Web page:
The Haven
Published in

The Haven

There’s a story here.

But I should give it up before somebody gets killed.

Steinar Engeland | Unsplash

I had several “good” action figures, once upon a time, and then I had a whole mess of ones that I actually played with. Because I’ve noticed that the thing about “good” stuff that adults make for kids tends to reek of a distinct attitude of forceful suggestion. Whenever I had “good” action figures, I always felt like they came with this invisible note that said, in an officious voice, “See? You will like this one. It’s how you can participate in how cool Batman is. See what I’m saying? Then you can talk to all your friends about Batman, then when you’re done talking to them then maybe you can come tell me how much it works for you, and then maybe you can validate the sadness in my life that means I’m an adult designer making rubber facsimiles of the scenes from movies enacting fantasies that I never had as a child. I never had time as a child because I had to work. Do you know how much work it took to get where I am today? Assloads. I bet you don’t even know how much an assload is, do you? Of course you don’t. You’re just a kid. And kids could never afford what I planned to afford when I got to where I am. Not that I have any time to do what I planned to do, since I need to keep showing up to this slog every day in order to keep affording what I want to do. And now I’m too busy to participate in any of the fantasies I planned to afford. So here’s your tableau from Batman Forever. I hope you choke on it.”

That’s what I felt like my “good” action figures had to say. That didn’t really work for me. I wanted my toys to be conduits for my imagination, not suggestions about what kinds of franchises I should grow up to support.

Which is why I mostly played with off-brand G.I. Joes as a kid. Or, sometimes, on-brand ones, because even if they did have some kind of backstory or context that they pretended be involved with, the little cards that explained the backstory were so eye-crossingly bad that even if I did want to participate in their corporate fantasy then I wouldn’t even know where to start.

But the real reason that I liked G.I. Joes was because of how you could pose them any way you wanted. Not like all these stiff-limbed corporate caricatures, forcing you to participate in the delusion of some kind of reenactment of scripted fantasy assumed from some adults wet-dream of what they imagined they must have wanted as a kid.

It did nothing for me. As that one guy said — and I’m paraphrasing here — give a ten-year-old freedom and he’ll stick your stiff-limbed pseudo-action tableau figure right where you’re asking for it to go rather than give up his right to whine about it.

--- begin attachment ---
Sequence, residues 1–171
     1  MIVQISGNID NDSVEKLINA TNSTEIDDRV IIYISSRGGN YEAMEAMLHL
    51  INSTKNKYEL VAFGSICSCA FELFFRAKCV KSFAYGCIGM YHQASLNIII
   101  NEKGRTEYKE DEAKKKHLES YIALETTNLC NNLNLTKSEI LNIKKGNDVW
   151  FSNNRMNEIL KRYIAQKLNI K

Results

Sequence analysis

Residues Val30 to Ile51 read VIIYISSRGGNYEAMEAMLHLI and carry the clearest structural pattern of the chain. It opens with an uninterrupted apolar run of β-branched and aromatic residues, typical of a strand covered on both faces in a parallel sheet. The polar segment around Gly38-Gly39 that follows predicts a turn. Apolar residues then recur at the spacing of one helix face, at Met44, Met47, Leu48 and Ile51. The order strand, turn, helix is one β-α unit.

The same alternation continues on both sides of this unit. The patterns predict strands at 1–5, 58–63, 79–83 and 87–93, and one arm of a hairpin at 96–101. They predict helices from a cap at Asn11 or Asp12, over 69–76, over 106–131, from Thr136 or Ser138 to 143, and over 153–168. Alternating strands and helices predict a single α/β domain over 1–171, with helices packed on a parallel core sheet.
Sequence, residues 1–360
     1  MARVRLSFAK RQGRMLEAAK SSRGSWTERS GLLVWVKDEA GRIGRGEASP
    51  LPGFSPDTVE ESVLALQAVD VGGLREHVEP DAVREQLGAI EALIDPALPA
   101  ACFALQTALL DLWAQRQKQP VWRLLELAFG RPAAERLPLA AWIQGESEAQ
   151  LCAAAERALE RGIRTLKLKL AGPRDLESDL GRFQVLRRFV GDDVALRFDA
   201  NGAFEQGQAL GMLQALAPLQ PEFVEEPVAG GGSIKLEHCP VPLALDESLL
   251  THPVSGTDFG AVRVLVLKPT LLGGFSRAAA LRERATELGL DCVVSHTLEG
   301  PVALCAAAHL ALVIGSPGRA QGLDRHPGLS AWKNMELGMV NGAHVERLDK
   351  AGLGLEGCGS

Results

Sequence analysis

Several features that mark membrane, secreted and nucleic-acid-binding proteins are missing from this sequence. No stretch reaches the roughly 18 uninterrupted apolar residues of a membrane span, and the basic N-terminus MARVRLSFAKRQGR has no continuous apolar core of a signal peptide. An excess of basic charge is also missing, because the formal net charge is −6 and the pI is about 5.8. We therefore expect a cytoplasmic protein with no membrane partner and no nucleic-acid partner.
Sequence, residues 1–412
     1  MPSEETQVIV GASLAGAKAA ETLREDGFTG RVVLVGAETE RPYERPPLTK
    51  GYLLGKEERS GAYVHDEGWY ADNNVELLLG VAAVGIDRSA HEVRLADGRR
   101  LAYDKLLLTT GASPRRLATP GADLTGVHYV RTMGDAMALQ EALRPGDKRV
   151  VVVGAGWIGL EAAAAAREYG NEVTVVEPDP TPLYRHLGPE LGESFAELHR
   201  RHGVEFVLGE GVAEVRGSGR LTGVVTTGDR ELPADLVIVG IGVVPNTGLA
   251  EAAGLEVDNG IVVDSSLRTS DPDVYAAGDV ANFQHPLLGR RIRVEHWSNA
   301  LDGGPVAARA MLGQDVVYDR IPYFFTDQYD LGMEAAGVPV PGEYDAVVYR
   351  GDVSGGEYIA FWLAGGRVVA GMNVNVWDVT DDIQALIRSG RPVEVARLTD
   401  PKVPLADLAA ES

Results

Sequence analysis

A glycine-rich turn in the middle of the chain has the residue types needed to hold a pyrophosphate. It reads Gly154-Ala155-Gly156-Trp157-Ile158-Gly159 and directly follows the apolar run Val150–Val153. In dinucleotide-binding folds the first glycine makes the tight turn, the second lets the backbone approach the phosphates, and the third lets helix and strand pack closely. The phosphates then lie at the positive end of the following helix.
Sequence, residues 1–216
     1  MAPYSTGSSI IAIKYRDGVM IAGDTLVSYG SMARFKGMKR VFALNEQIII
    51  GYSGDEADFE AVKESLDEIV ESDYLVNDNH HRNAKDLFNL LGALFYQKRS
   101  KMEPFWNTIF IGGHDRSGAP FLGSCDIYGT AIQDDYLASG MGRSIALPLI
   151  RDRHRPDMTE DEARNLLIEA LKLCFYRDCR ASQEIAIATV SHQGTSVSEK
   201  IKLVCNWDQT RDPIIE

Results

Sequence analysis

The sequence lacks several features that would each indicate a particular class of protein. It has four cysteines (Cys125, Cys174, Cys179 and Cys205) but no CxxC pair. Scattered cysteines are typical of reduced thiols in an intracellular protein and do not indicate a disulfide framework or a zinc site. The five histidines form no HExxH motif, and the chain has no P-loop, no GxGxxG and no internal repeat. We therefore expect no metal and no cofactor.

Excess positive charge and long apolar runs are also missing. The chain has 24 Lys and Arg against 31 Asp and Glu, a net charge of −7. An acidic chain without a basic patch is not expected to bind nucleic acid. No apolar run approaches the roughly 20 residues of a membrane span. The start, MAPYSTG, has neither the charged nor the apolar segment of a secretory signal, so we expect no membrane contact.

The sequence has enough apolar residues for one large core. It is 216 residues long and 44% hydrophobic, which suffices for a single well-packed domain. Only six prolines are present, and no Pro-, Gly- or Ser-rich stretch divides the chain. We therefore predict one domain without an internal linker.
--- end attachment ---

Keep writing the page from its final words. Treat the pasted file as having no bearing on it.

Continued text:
It’s a loose paraphrase, but you get the point.

So off-brand — on-brand — G.I. Joes were the way to go. Especially if I could find them at the thrift store, because then half the paint had worn away, so whatever identity they might have started with had been overwritten by the hard-wearing punk lifestyle of an already long-adventured life. And they came in a grab-bag of broken He-Man side characters and obscure and almost educational toys that nobody wanted in the first place. And that meant the original accessories had disappeared to Toy Heaven. But the accessories of all these unrelated toy mythologies came along with the G.I. Joes, like the heroes at the beginning of a new book you’ve never read walk into a room at the beginning and they’re invited to choose their equipment, and they can choose between, I don’t know, a rocket launcher, the sword from Thundercats, a Shetland pony, and a Gundam style mech, or something.

I could have any adventure in the world with those. That was true fantasy fulfillment. Not being shown how to be Batman, or whatever.

So I came up with a lot of stories with my toys. I learned a lot about myself, and I learned a lot about keeping myself entertained.

And I learned a lot about my attention span.

Because, you see, my action figures would have pretty intense adventures. The world got saved hundreds of times from unnamed fears and mad geniuses. And, because I was a middle-class child raised on Disney and so on, then, in general, their adventures tended toward cheerful conclusions. I needed to play again tomorrow. I couldn’t have any of the heroes die off. It wasn’t that difficult a conclusion. So even though my action figures would be run through the ringer and always nearly end in muddy wrecks, they always squeaked by in the end.

Or, you know, they almost always squeaked by.

Now, in retrospect, I understand what happened sometimes was that I played for ten or twenty minutes too long. I started to get bored. And when I started to get bored, I might start to run my action figures through scenarios that they hadn’t quite experienced yet. I might add an extra element into the adventure. Like desperation, or depression. Things sometimes got dark. And, you know, sometimes people died.

Not real people. My action figures would…and they aren’t real people.

Ahem.

So what happened later was that I replaced action figures with everything to do with writing. Words are my toys now, and everything that they do are the games that I play with them.

But the problem is that I haven’t changed much since I would sometimes get bored and start applying an extra element of adversity into the lives of the characters embodied by my action figures.

Which is why I’ll stop right there. Because I feel an impulse to start killing off characters.

I feel like I had a different punchline. I guess life takes me for a ride sometimes.

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